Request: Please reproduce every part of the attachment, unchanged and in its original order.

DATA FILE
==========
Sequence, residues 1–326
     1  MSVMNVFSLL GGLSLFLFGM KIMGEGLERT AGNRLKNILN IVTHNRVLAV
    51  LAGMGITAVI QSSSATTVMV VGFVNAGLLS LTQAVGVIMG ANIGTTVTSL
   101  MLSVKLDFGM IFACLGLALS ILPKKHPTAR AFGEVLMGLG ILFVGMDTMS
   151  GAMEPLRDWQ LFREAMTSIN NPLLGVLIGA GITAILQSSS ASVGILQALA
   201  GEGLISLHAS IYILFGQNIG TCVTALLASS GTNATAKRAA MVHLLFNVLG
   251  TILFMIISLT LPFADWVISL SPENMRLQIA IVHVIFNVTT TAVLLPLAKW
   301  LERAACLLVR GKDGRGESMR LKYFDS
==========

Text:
Sequence, residues 1–326
     1  MSVMNVFSLL GGLSLFLFGM KIMGEGLERT AGNRLKNILN IVTHNRVLAV
    51  LAGMGITAVI QSSSATTVMV VGFVNAGLLS LTQAVGVIMG ANIGTTVTSL
   101  MLSVKLDFGM IFACLGLALS ILPKKHPTAR AFGEVLMGLG ILFVGMDTMS
   151  GAMEPLRDWQ LFREAMTSIN NPLLGVLIGA GITAILQSSS ASVGILQALA
   201  GEGLISLHAS IYILFGQNIG TCVTALLASS GTNATAKRAA MVHLLFNVLG
   251  TILFMIISLT LPFADWVISL SPENMRLQIA IVHVIFNVTT TAVLLPLAKW
   301  LERAACLLVR GKDGRGESMR LKYFDS